Perhaps you don't have a problem with these things. I do, and I shouldn't be forced to attend something which I know very well could compromise the Faith of my children. If the local N.O. parish is going to do that, then I will not attend. But conversely, if the Traditional Mass near me could do the very same thing (and there are Trad Masses that are just as bad in so many ways), I would also not attend. I'm not singling out the N.O. here....my main objective is the salvation of my children, and I will attend the Mass that I believe will help me further that rather than one that will bring me further behind each time I attend.

HSarsfield said...

Joe said:
"However, I get frustrated by these"neotraditionalists" who call Pope John XXIII and Paul VI heretics and that the "Novus Ordo" mass is invalid (though I do think it opened itself up to problems). "

I do not hold to these opinions, and I hope that I did not make it seem that I did in anything that I have written.

Jack said...

" I don't know where on earth you have been to Mass, but I encounter many of these things on a regular basis where I live, and in the places that I visit (btw, I live in Steubenville). "

That's too bad that you've seen these things first hand. I can see how frustrating it must be. I've heard of such cases (on the web) and in some cases the problems were fixed after enough parishers talked to their priest (and sometimes bishop) about the problems. Other cases (as you know) don't get fixed so easily because the priest sometimes think that they have to do stuff like that to "draw crowds" or "bring in the young people", etc.

I've been to masses in London, Toronto, Chicago, Montreal, Vancouver, and Edmonton and none have had the problems you mention (fortunately).

Joe said...

HSarsfield said...
Joe said:
"However, I get frustrated by these"neotraditionalists" who call Pope John XXIII and Paul VI heretics and that the "Novus Ordo" mass is invalid (though I do think it opened itself up to problems). "

I do not hold to these opinions, and I hope that I did not make it seem that I did in anything that I have written."

No, sorry to imply that. I was speaking in general terms. Your comments just reminded me of other conversations I've had about this.

Sorry to hear about the frustrations you've had with some of the masses in your area. A major problem seems to be the congregation (with their attire and casual attitude). I was getting a little annoyed at some people at my church (they would arrive late, receive communion and walk out immediately, etc).

Then I read Scott Hahn's The Lambs Supper.
It helped because it drove home the message about the real meaning of the mass and how it's beauty doesn't depend on what those around you are doing. It really helped me to focus back on the mass itself and to ignore (and in some cases pray for) those around me who are not paying attention to it.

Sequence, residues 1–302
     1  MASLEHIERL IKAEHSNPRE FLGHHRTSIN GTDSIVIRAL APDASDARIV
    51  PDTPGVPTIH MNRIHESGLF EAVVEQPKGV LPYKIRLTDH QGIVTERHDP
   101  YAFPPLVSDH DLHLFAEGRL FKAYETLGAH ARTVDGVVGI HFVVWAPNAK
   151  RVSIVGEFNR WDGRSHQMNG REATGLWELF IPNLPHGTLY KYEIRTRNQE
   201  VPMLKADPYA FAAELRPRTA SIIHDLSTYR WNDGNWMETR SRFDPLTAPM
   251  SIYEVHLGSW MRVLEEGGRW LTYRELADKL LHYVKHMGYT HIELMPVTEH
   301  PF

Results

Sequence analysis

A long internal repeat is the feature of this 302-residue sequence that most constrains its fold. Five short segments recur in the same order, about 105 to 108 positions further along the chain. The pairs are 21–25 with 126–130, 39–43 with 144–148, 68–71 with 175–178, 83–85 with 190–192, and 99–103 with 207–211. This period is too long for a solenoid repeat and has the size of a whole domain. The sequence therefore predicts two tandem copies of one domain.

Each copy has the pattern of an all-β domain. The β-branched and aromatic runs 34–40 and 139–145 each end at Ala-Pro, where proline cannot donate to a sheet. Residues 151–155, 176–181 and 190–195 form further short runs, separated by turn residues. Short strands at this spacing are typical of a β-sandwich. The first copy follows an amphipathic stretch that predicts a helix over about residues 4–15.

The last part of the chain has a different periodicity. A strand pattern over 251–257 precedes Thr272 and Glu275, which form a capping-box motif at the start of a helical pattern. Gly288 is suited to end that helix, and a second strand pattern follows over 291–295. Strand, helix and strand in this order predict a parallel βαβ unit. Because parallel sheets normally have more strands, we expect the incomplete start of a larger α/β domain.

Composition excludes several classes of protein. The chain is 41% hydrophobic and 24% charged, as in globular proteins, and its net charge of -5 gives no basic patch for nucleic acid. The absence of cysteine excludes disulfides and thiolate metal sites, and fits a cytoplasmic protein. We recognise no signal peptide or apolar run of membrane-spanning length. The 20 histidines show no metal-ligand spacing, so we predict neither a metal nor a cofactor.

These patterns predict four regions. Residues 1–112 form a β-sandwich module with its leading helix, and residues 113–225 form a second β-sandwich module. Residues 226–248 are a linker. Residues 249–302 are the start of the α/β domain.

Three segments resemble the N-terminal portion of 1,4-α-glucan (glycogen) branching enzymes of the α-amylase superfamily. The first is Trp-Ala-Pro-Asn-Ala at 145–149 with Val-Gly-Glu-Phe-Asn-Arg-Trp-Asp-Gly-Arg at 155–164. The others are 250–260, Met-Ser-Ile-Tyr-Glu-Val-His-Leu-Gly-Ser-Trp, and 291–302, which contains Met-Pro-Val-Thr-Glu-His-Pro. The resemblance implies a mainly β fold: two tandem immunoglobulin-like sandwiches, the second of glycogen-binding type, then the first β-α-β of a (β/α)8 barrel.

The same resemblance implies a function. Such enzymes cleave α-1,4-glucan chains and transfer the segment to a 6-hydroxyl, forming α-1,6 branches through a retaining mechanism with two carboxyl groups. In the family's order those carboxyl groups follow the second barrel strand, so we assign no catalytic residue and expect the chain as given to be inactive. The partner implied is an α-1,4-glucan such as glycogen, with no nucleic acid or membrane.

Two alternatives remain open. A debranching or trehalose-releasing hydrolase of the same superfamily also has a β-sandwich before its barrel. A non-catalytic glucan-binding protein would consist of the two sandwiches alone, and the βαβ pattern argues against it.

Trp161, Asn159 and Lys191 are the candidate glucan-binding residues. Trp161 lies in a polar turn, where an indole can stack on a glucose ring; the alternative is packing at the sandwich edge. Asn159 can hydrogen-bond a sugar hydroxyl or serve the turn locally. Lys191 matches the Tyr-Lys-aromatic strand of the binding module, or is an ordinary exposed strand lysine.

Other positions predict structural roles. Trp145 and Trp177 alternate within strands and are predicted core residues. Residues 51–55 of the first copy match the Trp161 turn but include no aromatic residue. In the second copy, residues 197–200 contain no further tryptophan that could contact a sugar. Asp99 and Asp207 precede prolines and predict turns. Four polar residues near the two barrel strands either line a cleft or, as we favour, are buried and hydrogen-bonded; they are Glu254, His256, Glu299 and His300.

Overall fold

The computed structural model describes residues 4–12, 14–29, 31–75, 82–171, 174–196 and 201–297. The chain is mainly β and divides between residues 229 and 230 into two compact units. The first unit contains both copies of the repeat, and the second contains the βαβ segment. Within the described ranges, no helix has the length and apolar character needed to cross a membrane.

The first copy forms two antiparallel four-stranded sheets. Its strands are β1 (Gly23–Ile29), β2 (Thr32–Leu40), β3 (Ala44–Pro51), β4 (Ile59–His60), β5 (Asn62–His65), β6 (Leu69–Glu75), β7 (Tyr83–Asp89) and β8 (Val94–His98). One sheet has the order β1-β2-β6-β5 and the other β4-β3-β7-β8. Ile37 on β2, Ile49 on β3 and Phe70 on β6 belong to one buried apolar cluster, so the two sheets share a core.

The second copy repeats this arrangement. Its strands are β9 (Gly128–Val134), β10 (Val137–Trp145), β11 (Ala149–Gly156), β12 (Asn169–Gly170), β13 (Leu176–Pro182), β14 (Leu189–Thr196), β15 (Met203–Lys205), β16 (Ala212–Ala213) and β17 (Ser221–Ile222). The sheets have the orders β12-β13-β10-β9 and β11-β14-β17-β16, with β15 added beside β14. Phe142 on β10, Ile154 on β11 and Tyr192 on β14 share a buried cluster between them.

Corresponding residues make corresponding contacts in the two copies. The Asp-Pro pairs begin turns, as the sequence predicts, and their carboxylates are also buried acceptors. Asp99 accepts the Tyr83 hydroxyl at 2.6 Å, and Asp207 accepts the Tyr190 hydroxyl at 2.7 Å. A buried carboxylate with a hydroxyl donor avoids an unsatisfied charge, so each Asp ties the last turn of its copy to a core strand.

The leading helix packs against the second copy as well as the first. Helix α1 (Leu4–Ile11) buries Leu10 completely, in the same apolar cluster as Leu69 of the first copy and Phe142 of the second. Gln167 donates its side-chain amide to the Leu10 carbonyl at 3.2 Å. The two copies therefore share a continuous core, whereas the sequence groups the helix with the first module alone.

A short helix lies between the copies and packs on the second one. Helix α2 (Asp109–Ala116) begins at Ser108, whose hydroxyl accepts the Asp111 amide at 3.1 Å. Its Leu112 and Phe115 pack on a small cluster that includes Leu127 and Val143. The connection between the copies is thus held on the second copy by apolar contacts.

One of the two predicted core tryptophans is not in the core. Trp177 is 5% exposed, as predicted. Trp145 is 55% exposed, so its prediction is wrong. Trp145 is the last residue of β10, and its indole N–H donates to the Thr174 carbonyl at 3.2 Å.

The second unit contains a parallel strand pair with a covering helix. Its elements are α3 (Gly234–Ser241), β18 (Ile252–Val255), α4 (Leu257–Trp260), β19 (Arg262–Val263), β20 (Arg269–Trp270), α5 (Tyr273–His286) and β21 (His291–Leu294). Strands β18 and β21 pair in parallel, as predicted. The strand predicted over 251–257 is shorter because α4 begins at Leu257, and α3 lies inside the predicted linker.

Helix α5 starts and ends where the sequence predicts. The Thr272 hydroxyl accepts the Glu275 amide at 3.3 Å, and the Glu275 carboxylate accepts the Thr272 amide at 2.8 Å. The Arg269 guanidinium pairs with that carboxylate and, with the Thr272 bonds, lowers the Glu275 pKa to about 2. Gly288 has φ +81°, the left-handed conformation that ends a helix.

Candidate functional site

I highly recommend that book (I got mine from the library and it's a fairly easy read).
The Church is very fortunate to have a family like yours. You can help the other people in your parish and even your priest.

With your family all setting a good example, you can make quite a statement just by being yourselfs (without saying a word).
For me, it's just my husband and myself and we noticed that some of the people around started genuflecting when they saw us doing it (we had recently started attending our church). I think they didn't know what to do before (or had forgotten) and sometimes it takes some kind-hearted reminders (or just silent examples).

As for mistakes in the homily, I wonder if the priest realizes what he said. Maybe it was taken out of context, or maybe he said things without realizing it. (To give him the benefit of the doubt). Or maybe he just was poorly trained. I wonder if just mention it to him might help. This can be done in a kind way such as saying "Father, I noticed today that you said X. I had always thought Y. Can you explain"

rosa puella said...

Gerald has an interesting essay on SSPX, the tradional mass, the N.O. mass and more on his blog today.

http://closedcafeteria.blogspot.com/2006/07/on-sspx-and-related-topics.html

Anonymous said...

There is a great quote in that article.

To jump ship and create Utopia with a handful of people is easy. Sticking with the Church through hard times, like the Pope did, that's the hard and good thing to do.

Anonymous said...

With the exception perhaps of one or two comments, the majority of this board is filled with intellectual idiocies. Where, I might ask, is a single quote from the SSPX or Archbishop Lefebvre justifying the idea that they reject Apostolic Succession or that they tried to set up a "parallel church." Where is a single quote from Canon Law explaining the situation? Furthermore, why is it that everyone is so apt to assume that John Kerry went to confession or that our local priest unintentionally preached heresy? Why is everyone given the benefit of the doubt except the Society. The issue is certainly complicated and difficult. However, polemics from johnny-on-the-spot armchair theologians doesn't really accomplish anything.

I would reccomend reading the SSPX website before making blanket statements regarding them. Just a quick sidenote (I'm sorry this post is a trifle rambling), there is a difference between committing disobeying orders of a superior and rejecting that the superior has the the authority to give orders. For example, a teenage boy may refuse to take out the trash. However, this is not, in itself, a denial of the father's right to command that the trash be removed.

Msgr. Pearl did not give all of these specifications that you pretend. He merely says that you can attend Mass, fulfill your Sunday obligation and give to the collection plate, so long as you're not committing yourself to a schismatic mentality. And guess what, not many people who assist at Society Masses have this phantom attitude.